Elon launches ‘Living in a Time of COVID-19’ campuswide archive project

Led by the History and Geography Department, the written and recorded submissions of students, faculty and staff will be preserved for future historians and Elon's records.

A campus-wide archival project will preserve the observations of faculty and students around the world living through the history of the COVID-19 pandemic.

The project, “Living in a Time of COVID-19,” will serve as a primary resource for future historians and document a unique and challenging moment in Elon’s history.

Students, faculty, staff and other members of the Elon community are encouraged to submit written reflections, audio and video recordings or photographs documenting their thoughts and experiences during the COVID-19 pandemic.

“We do not yet know when or how this pandemic will end or what lessons we will learn, whether in the immediate aftermath or years hence. It is certain, though, that future generations of Elon students will want to study, learn from, and understand how we experienced this moment,” said Sandy Marshall, assistant professor of geography and one of the project’s organizers.

The archival project began as various faculty began encouraging students to express their thoughts, feelings and observations as COVID-19 prevention began shuttering businesses and travel in early March and resulted in Elon holding classes remotely for the spring semester.

Among the earliest to call on students to document their pandemic experiences in historical context was Assistant Professor of History Waseem Kasim.

Just a few weeks before U.S. officials began taking measures to slow the spread of coronavirus, undergraduates in Kasim’s The World in the 20th Century course were studying the 1918-19 flu pandemic. Kasim had urged them to dig beneath broad narratives about the effects of the flu on nations, economies and prominent figures to unearth first-person accounts of that pandemic’s effects on the lives of individuals and ordinary citizens.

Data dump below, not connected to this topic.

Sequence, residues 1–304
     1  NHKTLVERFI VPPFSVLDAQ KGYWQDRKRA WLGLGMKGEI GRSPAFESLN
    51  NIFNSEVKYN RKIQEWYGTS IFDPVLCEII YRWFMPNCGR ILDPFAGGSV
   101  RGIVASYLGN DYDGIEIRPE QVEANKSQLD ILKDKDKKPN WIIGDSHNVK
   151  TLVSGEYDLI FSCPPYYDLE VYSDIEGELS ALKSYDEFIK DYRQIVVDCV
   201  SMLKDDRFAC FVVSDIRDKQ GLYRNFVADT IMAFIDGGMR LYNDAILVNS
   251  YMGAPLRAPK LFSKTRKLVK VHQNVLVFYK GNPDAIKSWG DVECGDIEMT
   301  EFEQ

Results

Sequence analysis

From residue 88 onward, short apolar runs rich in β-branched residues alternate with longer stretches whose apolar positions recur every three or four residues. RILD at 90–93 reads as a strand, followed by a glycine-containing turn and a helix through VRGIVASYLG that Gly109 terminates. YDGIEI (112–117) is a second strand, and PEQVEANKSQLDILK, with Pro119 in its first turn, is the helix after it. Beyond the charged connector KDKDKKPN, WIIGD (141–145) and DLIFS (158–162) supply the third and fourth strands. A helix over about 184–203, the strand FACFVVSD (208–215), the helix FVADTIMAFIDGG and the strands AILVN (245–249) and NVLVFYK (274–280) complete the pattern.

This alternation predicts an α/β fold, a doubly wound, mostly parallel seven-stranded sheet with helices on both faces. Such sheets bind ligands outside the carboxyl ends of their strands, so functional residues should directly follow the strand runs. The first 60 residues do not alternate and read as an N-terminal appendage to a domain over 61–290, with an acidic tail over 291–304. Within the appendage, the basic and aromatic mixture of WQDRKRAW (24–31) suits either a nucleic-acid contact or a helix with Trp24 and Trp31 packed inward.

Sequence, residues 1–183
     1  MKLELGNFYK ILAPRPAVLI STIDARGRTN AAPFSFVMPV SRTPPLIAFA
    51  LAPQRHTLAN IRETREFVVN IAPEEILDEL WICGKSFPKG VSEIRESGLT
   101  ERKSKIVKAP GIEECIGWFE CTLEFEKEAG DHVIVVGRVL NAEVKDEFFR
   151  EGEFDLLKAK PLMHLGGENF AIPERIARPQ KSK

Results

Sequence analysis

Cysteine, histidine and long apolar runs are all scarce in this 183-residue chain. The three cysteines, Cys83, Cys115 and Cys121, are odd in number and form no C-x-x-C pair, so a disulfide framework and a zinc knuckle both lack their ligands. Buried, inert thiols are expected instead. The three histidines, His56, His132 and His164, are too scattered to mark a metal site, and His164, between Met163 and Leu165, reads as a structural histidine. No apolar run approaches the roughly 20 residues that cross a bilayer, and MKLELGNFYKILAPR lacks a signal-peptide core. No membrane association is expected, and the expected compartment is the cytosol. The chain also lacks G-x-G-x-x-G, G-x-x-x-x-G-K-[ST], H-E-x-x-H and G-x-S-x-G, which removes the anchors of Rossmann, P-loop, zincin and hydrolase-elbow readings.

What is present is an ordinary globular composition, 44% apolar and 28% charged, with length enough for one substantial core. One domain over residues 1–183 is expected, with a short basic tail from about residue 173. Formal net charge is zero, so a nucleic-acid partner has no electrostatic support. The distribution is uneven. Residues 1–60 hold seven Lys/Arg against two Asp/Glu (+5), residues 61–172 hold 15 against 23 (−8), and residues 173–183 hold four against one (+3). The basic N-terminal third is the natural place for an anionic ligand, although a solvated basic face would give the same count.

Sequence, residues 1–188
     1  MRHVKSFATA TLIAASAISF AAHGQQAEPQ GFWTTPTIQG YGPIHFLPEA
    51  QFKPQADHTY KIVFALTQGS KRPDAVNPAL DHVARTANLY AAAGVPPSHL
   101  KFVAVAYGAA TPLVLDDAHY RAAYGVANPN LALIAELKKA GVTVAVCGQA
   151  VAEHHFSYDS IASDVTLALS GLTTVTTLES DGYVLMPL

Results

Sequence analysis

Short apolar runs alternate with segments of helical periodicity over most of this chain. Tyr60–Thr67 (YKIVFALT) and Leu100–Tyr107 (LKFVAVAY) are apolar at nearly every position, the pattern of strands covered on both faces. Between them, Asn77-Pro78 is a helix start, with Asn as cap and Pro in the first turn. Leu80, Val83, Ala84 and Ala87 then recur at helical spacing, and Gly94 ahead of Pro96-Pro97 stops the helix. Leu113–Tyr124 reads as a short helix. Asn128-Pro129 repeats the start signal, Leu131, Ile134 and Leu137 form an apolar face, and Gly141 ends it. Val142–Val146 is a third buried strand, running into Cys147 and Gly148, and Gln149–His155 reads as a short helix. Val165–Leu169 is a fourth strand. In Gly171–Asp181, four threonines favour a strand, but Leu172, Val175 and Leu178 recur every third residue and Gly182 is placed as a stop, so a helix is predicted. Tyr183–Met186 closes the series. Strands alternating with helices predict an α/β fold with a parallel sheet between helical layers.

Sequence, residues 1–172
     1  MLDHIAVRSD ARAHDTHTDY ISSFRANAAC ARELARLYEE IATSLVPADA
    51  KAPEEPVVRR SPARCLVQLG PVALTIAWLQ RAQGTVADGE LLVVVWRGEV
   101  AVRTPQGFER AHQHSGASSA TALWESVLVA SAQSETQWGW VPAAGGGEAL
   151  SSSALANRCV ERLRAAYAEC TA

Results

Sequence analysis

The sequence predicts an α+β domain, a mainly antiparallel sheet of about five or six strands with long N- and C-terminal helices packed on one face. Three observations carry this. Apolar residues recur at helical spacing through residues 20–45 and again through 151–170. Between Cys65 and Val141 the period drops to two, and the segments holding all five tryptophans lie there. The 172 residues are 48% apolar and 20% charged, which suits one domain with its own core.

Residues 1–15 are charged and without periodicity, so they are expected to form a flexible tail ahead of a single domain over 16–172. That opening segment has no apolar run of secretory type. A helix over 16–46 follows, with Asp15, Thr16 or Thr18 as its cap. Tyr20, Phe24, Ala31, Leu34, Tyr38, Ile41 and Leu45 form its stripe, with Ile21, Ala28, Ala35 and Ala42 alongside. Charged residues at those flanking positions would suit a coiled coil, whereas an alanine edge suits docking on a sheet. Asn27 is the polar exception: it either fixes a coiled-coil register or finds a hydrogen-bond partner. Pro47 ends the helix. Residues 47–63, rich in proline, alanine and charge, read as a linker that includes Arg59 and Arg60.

When it became clear that coronavirus was a pandemic — that everyone’s lives would be affected as students traveled home for spring break — Kasim asked them to document their experiences for posterity and future historians. For class assignments on Moodle, he encouraged undergraduates at home around the world to interview those close to them, to reflect on the disruption of daily life but also to examine opportunities and positive change possible.

“The world is slowing down,” one student observed. “It’s like nature is reminding us we need to take things slowly.”

“This is a moment that people will be writing about in the future. What do you want them to know about the experience?” Kasim said.

Marshall also had been in touch with Elon students studying abroad as the virus began to spread. Before COVID-19 was part of Americans’ 24/7 news diet, those students were sharing their fears and concerns. Marshall advised them to write down what they were seeing and hearing where they were, both as a way to manage their thoughts and to document a global event.

Similar exercises were happening in many other Elon departments, Marshall found after connecting with Kasim and Belk Library Archivist and Assistant Librarian Libby Coyner. Coyner will oversee the archives for the university. She had already been in touch with Assistant Professor of Philosophy Lauren Guilmette and various faculty about pandemic documentation when Marshall contacted her about a campus project. In the English department, a number of professors had shifted syllabi to encouraging students to write about COVID-19.

“There’s a temptation to just consume the news,” Marshall said. “This initiative shows that we’re all in this together and is a way of responding productively in this time. Whether it’s for your grandchildren or for the class of 2040, they are going to want to know what happened during this time.”

Elon’s project could eventually become part of a national collaboration by colleges and universities across the country to archive the COVID-19 pandemic, Marshall said.

Those wishing to contribute to “Living in the Time of COVID-19” should submit a record of their experience in the form of a written document, a video, or an audio recording.

Participants may write or record a single narrative or observation, or a series of entries. They may also interview a member of their household or a friend for the project with their approval.

The History and Geography Department offered these prompts to lead documentation:

  • When did you first hear about Coronavirus/COVID-19?
  • How are you feeling about the pandemic?
  • How is your family being affected?
  • How have you been adapting?
  • What is it like being at home or on campus at this time?
  • How has your education been affected?
  • Has your work been affected? If so, how?
  • Are you keeping up with the news? Where do you get your news?
  • How well do you think the nation (or your state or city) is handling it?
  • Are you concerned about the future? What aspects?
  • Are you hopeful about the future? What aspects?
  • What do you miss?
  • What are you grateful for?

For more information about submissions, including how to submit anonymously, go to https://www.elon.edu/u/covid-archive/.